Jennifer Spiro

Johns Hopkins University, Baltimore, Maryland, United States

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Publications (11)36.49 Total impact

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    ABSTRACT: Aggression after traumatic brain injury (TBI) is common but not well defined. Sixty-seven participants with first-time TBI were evaluated for aggression within 3 months of injury. The prevalence of aggression was found to be 28.4%, predominantly verbal aggression. Post-TBI aggression was associated with new-onset major depression (p=0.02), poorer social functioning (p=0.04), and increased dependency in activities of daily living (p=0.03), but not with a history of substance abuse or adult/childhood behavioral problems. Implications of the study include early screening for aggression, evaluation for depression, and consideration of psychosocial support in aggressive patients.
    The Journal of Neuropsychiatry and Clinical Neurosciences 10/2009; 21(4):420-9. DOI:10.1176/appi.neuropsych.21.4.420 · 2.82 Impact Factor
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    ABSTRACT: Sleep disturbance is common in the subacute recovery phase following brain injury. A previous study from the authors' group found 68% of patients with closed head injury (CHI) had disrupted sleep on a rehabilitation unit. In the present study, the authors investigated whether improvement in sleep efficiency correlates with duration of posttraumatic amnesia (PTA) after CHI. Fourteen CHI patients were enrolled and followed prospectively. Mechanism of injury included motor vehicle accident, fall, and blunt assault. An actigraph was placed on each subject's wrist within 72 hours of admission to the rehabilitation unit and recorded data for the duration of their stay. A minimum of 7 days of continuous actigraphy data was obtained on all subjects. PTA was measured daily using the Orientation Log (O-LOG). Seventy-eight percent of subjects had mean week-1 sleep efficiency scores of < or = 63%. Patients admitted having already cleared PTA had significantly better week-1 sleep efficiency scores than those with ongoing amnesia (P = .032). For those patients admitted with ongoing PTA, each 10-unit increase in sleep efficiency score correlated with 1 unit increase in O-LOG score (P = .056). Disrupted sleep is common in the postacute stage following CHI. Improved sleep efficiency correlates with resolution of PTA. Decreased sleep efficiency may negatively affect memory return after traumatic brain injury. Actigraphy is uniquely suited to study the sleep patterns of these patients.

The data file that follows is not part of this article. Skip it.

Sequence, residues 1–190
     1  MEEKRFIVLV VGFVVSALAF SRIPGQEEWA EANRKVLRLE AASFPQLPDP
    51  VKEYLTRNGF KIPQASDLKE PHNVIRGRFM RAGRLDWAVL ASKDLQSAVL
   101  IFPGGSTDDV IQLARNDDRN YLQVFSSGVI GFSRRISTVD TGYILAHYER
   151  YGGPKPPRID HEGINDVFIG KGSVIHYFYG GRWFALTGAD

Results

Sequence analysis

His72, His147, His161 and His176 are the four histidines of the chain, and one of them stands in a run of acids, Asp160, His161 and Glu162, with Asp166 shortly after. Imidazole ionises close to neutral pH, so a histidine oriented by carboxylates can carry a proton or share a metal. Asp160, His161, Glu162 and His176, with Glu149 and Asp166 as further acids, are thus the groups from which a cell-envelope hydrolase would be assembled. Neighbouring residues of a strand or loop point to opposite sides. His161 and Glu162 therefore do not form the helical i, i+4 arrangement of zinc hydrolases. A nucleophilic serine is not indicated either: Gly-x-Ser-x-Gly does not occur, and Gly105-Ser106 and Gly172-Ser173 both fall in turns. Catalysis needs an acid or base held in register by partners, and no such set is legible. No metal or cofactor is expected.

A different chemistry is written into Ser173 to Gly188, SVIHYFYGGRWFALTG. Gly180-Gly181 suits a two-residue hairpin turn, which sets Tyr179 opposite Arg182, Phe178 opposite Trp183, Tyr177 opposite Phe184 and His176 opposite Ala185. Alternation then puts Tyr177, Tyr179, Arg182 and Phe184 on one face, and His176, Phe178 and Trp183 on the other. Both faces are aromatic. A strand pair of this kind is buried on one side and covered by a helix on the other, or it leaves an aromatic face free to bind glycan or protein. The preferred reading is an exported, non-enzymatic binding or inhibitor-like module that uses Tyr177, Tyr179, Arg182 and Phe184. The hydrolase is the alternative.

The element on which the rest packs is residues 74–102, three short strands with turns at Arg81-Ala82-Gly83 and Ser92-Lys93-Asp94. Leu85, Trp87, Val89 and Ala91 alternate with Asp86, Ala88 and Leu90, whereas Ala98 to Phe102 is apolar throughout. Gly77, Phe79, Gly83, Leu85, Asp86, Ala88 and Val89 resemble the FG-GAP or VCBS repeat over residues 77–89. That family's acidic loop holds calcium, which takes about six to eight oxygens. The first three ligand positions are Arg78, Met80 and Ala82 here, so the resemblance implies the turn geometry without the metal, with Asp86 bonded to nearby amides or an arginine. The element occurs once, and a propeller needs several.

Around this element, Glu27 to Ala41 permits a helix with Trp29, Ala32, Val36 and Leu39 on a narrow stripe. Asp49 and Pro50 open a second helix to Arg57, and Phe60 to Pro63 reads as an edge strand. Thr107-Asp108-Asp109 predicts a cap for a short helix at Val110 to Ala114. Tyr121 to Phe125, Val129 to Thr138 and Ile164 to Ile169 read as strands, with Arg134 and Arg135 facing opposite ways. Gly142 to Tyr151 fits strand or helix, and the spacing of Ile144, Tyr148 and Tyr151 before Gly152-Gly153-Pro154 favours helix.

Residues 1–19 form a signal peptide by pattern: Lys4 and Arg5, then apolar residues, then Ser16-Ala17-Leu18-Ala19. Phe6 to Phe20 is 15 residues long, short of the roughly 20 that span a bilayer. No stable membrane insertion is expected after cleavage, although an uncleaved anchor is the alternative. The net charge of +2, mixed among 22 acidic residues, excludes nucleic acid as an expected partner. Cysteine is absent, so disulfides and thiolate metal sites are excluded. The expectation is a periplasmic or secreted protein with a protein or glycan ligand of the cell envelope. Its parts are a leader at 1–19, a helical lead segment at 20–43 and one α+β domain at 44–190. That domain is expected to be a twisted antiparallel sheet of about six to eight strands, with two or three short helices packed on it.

Neurorehabilitation and neural repair 02/2009; 23(4):320-6. DOI:10.1177/1545968308325268 · 3.98 Impact Factor
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    ABSTRACT: To assess the prevalence of and risk factors for sleep disturbances in the acute post-traumatic brain injury (TBI) period. Longitudinal, observational study. Fifty-four first time closed-head injury patients were recruited and evaluated within 3 months after injury. Pre-injury and post-injury sleep disturbances were compared on the Medical Outcome Scale for Sleep. The subjects were also assessed on anxiety, depression, medical comorbidity and severity of TBI. Subjects were worse on most sleep measures after TBI compared to before TBI. Anxiety disorder secondary to TBI was the most consistent significant risk factor to be associated with worsening sleep status. Anxiety is associated with sleep disturbances after TBI. Further studies need to be done to evaluate if this is a causal relationship.
    Brain Injury 06/2008; 22(5):381-6. DOI:10.1080/02699050801935260 · 1.81 Impact Factor
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    ABSTRACT: To estimate the frequency and correlates of insomnia and daytime sleepiness among people with dementia in AL facilities. Participants were randomly selected from 22 different assisted living facilities in Maryland. A total of 124 dementia participants were included in the analysis. All participants were rated on an 11-item sleep questionnaire regarding insomnia and daytime sleepiness. Sleep disturbance was present in 59.2% of people with dementia. Of the total sample, 21.8% had insomnia only (IN); 21.6% had excessive daytime sleepiness only (DS); and 16.8% had both IN and DS. 40.8% had no sleep disturbance. IN and DS scores were not significantly associated with each other (r=0.07, p=0.43). Of those in the IN group, the majority had mild and moderate dementia and of those in the DS only group the majority had severe dementia. Those with IN only performed the best and DS only performed the worst on both cognitive measures (the Mini Mental State Examination) (F=3.26, p=0.014), and on physical measures (the physical subscale of the psychogeraitric dependency rating scale) (F=6.09, p<0.001). There was no significant difference between the groups on the Cornell scale for depression in dementia. The frequency of insomnia and daytime sleepiness in dementia subjects in AL is similar to that found in nursing homes. Daytime sleepiness is associated with poorer cognitive and day-to-day functioning. Effective management of DS may lead to improved functioning in the AL residents. Insomnia is associated with the best outcomes, even better than those with no sleep disturbance. This finding needs to be replicated.
    International Journal of Geriatric Psychiatry 02/2008; 23(2):199-206. DOI:10.1002/gps.1863 · 2.87 Impact Factor